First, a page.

From the Ninth Annual People Management and Development Barometer Report
Highlights of recent CIPD surveys
Resourcing strategies and objectives
Fifty-six per cent of survey participants reported having a formal resourcing strategy. The top three resourcing objectives were attracting and recruiting key staff (79%), enabling the achievement of the organisation’s strategic plan (59%) and meeting the future skills requirements of the organisation (47%). However over half of the organisations surveyed said the recession was having a negative impact on their resourcing budget for 2010/11. More organisations said that they would be focusing on developing talent in-house and retaining rather than recruiting talent this year compared with last year. There are some indications that efforts to reduce recruitment costs will be made as more report they are reducing reliance on recruitment agencies.
The good news is fewer organisations said they would be implementing a recruitment freeze in (22%). More
(65%) expected to continue to recruit key talent/niche areas (53%). Nevertheless the outlook appeared much
bleaker for the public sector, where particularly large proportions are anticipating recruitment freezes (51%) and
reducing the number of recruits they hire (68%).
The volume of applicants for vacancies has increased. Seventy-six per cent of employers have noticed an increase in the number of unsuitable applicants and 32% reported that there were too many suitable candidates to choose from. At the same time, 41% reported that competition for talent was greater as the pool of available talent to hire had fallen sharply. As in previous years, the majority of turnover is attributed to employees leaving voluntarily. The voluntary turnover rate reduced substantially in the manufacturing and production sector (2010 survey: 2.7%; 2009 survey: 7.7%).
Employee attitudes and the recession
In all, 19% of respondents say it is likely or very likely they could lose their job as a result of the recession, a slight increase from the previous quarters figure of 18%. There is no change in employees’ attitudes towards the labour market, with just 10% believing it would be easy or very easy to get a new job if they lost their current job. The proportion of employees saying their employer has made redundancies as a result of the economic downturn has fallen very slightly to 30%. There has also been a continuing trend by employers to cut back on training. Pay freezes also continue to be more widely reported, with 43% of respondents saying their organisation has introduced a pay freeze, up from 40% last quarter. Only 21% of respondents are currently looking for a new job with a different employer. However, over a third (37%) would ideally like to change jobs within the next year.
Senior HR people identify the top three organisational priorities to be managing costs (73%), growing the current business (65%) and focusing on customer need (54%). The proportion of employers that expected staff levels to increase against those that expected them to decrease improved to +12 in the three months to December 2010 from –3 in the three months to December 2009. However, employers are less optimistic about the medium-term outlook. The proportion of staff that expected staff levels to increase against those that expected them to decrease is +1 in the 12 months to September 2011.
A year ago the CIPD forecast that 2010 would be a better year for jobs than either 2008 or 2009 as the UK economy gradually began to emerge from the deepest and longest recession since the Second World War. By this they meant a relative improvement, with employment falling by less and unemployment rising by less than during the recession. In the event, however, 2010 turned out to be a much better year for jobs with the number of people in work increasing and unemployment starting to fall.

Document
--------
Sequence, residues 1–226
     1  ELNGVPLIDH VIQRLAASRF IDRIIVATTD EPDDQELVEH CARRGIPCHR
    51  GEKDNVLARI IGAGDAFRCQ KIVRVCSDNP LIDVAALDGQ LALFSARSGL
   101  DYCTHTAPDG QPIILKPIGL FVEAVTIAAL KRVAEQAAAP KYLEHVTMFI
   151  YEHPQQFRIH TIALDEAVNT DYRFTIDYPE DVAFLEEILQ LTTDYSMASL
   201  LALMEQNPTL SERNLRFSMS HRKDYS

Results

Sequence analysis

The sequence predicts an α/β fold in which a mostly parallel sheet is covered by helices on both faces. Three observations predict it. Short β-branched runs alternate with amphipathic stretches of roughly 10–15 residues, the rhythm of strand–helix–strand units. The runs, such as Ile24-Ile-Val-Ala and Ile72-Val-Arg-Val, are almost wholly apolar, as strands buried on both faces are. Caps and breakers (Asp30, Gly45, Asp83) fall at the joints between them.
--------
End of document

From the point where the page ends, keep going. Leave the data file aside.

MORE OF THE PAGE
Despite this they expect 2011 to see a return to falling employment and rising unemployment though we do not envisage the deterioration in labour market conditions being anything like as severe as during the recession. At the same time they expect that, as in 2010, average earnings will increase by less than price inflation resulting in a squeeze in workers’ real incomes. Our longer-term forecast in turn indicates that labour market conditions will remain weak in 2012 before starting to recover more robustly in 2013.
The most frequently cited causes of recruitment difficulties were lack of specialist skills (67%).
Between 2009 and 2010, the proportion of organisations reporting retention difficulties decreased from 69% to 55%.
Labour turnover for all UK employees averaged 14%, down from 16% in 2009.
Types of jobs and pay prospects for 2011
They feel that even if 2011 turns out to be a ‘jobs-light’ rather than a ‘jobs-loss’ or ‘jobs standstill’ year, the chances are that the bulk of any new private sector jobs will continue to reflect the experience of 2010, with part-time and temporary jobs in the majority. Moreover, the bulk of workers will feel a squeeze in their living standards, with pay rises still relatively modest against a backdrop of higher prices for many essential products and services, higher taxes, the availability of credit still tight and the likelihood of falling house prices.
Even on the relatively more optimistic OBR jobs forecast, unemployment will act as a tough constraint on pay rises which are unlikely to outstrip price inflation. 2011 will, like 2010, be a year of real pay squeeze for most workers, especially those in the public sector. A ‘jobs-light/pay-tight’ year is probably the best we can hope for, which will make for another challenging
Key human capital benchmarks
Recruitment and staffing Labour turnover 16%
Organisations making 10 or more staff redundant 33%
Organisations experiencing recruitment difficulties 68%
Organisations experiencing retention problems 55%